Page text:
Engaging with the Real Economy is the Key to Paris Alignment

London conference hears that portfolio decarbonisation should be a collaborative venture. 

Aligning investment portfolios with the goals of the Paris Agreement requires engagement with the real economy, said Claudia Bolli, Head of Responsible Investing, Swiss Re. Speaking at the City Week financial services symposium in London, she echoed the views of the UN-convened Net Zero Asset Owner Alliance (NZAOA) that 1.5°C alignment requires asset owners to engage with corporate value chains, policymakers and asset managers. 

Patrick Arber, Group Head of Government Engagement on Sustainability at Aviva, agreed. “None of us alone can make the impact we desire. The industry needs to recognise that achieving Paris portfolio alignment is not only about our own portfolios, but also about aligning the real economy,” he said. 

It is “incredibly important” that investors work with governments, he added. Many governments around the world “want to make a difference” on climate “but time is ticking” and the entire financial system needs to be brought into play. Arber cited the UK’s newly unveiled Transition Plan Taskforce, which is bringing experts from academia, industry, NGOs and governments together to set out what a commitment to net zero should look like. 

“It is up to investors to engage with governments, helping them and praising them when they get it right,” he said. “Sometimes, relations between the financial industry and regulators and governments are combative and that gets in the way of progress. It’s the wrong way to look at it. As investors, we need a sensible regulatory system.” 

The financial industry should “embrace” regulation, said Joseph Pinto, CEO of Natixis Investment Managers and Head of Distribution for Europe, Latin America, Middle East and Asia Pacific. “We operate in a varied regulatory landscape and adopting regulations always takes time and money, and we have to educate both internal teams and our customers.” 

Investors should not be “cynical” about regulation but should recognise the time it takes to see regulation through. Large investment companies are challenged by the divergence of regulations globally and should become involved in encouraging “some form of convergence”.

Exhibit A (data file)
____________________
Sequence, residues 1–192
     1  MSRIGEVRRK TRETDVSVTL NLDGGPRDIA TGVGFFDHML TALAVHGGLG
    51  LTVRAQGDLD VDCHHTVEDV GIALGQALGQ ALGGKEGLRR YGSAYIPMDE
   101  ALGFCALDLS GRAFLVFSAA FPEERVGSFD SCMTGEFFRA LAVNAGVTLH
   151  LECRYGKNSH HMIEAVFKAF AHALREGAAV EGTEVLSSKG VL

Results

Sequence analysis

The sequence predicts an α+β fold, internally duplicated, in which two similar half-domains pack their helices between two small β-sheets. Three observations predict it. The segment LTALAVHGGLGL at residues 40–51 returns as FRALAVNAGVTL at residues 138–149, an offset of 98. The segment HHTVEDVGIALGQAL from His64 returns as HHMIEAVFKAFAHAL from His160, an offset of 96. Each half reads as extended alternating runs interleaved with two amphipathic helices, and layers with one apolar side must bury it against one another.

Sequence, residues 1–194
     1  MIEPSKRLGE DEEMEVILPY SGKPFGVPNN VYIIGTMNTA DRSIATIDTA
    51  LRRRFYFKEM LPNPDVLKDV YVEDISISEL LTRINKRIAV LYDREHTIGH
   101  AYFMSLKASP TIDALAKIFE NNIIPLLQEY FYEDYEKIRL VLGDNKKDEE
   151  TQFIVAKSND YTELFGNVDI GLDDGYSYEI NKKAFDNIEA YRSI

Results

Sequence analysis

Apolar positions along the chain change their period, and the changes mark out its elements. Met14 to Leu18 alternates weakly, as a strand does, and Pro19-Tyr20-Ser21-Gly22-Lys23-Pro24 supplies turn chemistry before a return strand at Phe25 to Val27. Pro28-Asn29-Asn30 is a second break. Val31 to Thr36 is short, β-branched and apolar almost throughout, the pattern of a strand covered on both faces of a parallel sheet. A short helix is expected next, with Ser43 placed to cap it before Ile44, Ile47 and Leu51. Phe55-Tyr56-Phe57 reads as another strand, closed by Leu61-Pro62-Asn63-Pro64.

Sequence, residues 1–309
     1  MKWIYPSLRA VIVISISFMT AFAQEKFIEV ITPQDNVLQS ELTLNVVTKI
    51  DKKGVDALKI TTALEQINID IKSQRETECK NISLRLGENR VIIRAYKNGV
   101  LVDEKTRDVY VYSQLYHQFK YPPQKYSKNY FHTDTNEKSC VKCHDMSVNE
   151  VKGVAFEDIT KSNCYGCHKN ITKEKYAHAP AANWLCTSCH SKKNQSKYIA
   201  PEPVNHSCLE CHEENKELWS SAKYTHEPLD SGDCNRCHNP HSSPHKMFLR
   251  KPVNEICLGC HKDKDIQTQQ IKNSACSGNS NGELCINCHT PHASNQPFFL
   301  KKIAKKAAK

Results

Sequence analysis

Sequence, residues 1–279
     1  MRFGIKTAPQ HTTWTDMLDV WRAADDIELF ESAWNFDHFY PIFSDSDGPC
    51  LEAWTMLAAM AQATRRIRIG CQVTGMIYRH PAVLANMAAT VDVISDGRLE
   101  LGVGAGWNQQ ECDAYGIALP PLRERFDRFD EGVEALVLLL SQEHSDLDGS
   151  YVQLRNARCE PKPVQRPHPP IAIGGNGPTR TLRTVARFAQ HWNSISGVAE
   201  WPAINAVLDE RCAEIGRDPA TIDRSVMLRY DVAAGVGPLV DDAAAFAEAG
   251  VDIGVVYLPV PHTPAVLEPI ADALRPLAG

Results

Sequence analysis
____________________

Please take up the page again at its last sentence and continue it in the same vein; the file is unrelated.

Earlier at the conference, Zheng Zeguang, Ambassador from the People’s Republic of China to the UK, observed that the two countries should “step up policy coordination” on green finance and support green and low-carbon development. 

Collaborative mindset 

Alignment of investment portfolios with the aims of the Paris Agreement is not just about divestment, said Bolli, but about a “collaborative mindset” that uses engagement to steer investee companies on the right path.  

“Engagement is just one piece of the puzzle. Swiss Re has committed to reduce listed equities and bond emissions by 35% by 2025. If you know the starting point and where you want to be with regards to emissions, you can identify which companies to engage with first.” 

Rather than pursuing divestment, which “doesn’t help”, Bolli said Swiss Re works with investee companies on changing their business strategies, extending infrastructure loans or ESG bonds to finance the transition companies may have to make. 

Engagement is not a one-off practice, but a continuous process and “the first step to collaboration”, she said. If engagement isn’t working, Swiss Re will use its voting rights.  

“This year we have seen across industries many more shareholder resolutions on Paris being accepted or voted for.”  

Only if engagement and voting don’t work would there be a need to divest, given the risk of stranded assets on the balance sheet, she noted.  

Luke Ellis, CEO of Man Group, observed that too often engagement encourages companies to sell parts of their assets that are considered “bad from an ESG viewpoint”. Rarely, he said, “do I see engagement that cares about who the asset is sold to.”  

If public companies are pushed to sell assets in order to get them off balance sheets and hence gain a better ESG score, there is a danger that those assets fall into the hands of a private company with less interest in reducing emissions or other ESG risks. 

“Recognise the journey”

David Blood, Founding and Senior Partner at sustainable investment manager Generation Investment Management, raised the issue of which metrics investors should use to align portfolios to the goals of the Paris Agreement.  

“Alignment isn’t always about a temperature rise. The most basic tool for us is carbon intensity – we must understand the CO2 exposure of our portfolios because Paris comes in two parts: net zero by 2050 and limiting temperature rises to 1.5°C,” he said. Portfolio alignment comes down to capital allocation and while analysis tools help, they don’t necessarily identify what will happen to a portfolio over the next 20-30 years.  

“As investors, we need to find the tools to help us recognise the journey that the businesses we invest in are on. But the data is not very good and we need to continue to improve the data and the tools around it,” he said. 

There are many different approaches for investors to align portfolios, said Blood. Setting a framework for best practice and encouraging others, particularly data and tool providers, to drive towards “some sense of best practice” will hopefully drive convergence, he added.  

“There’s no one size fits all though. It depends on what the financial institution is trying to accomplish in aligning with Paris.” 

The practical information hub for asset owners looking to invest successfully and sustainably for the long term. As best practice evolves, we will share the news, insights and data to guide asset owners on their individual journey to ESG integration.

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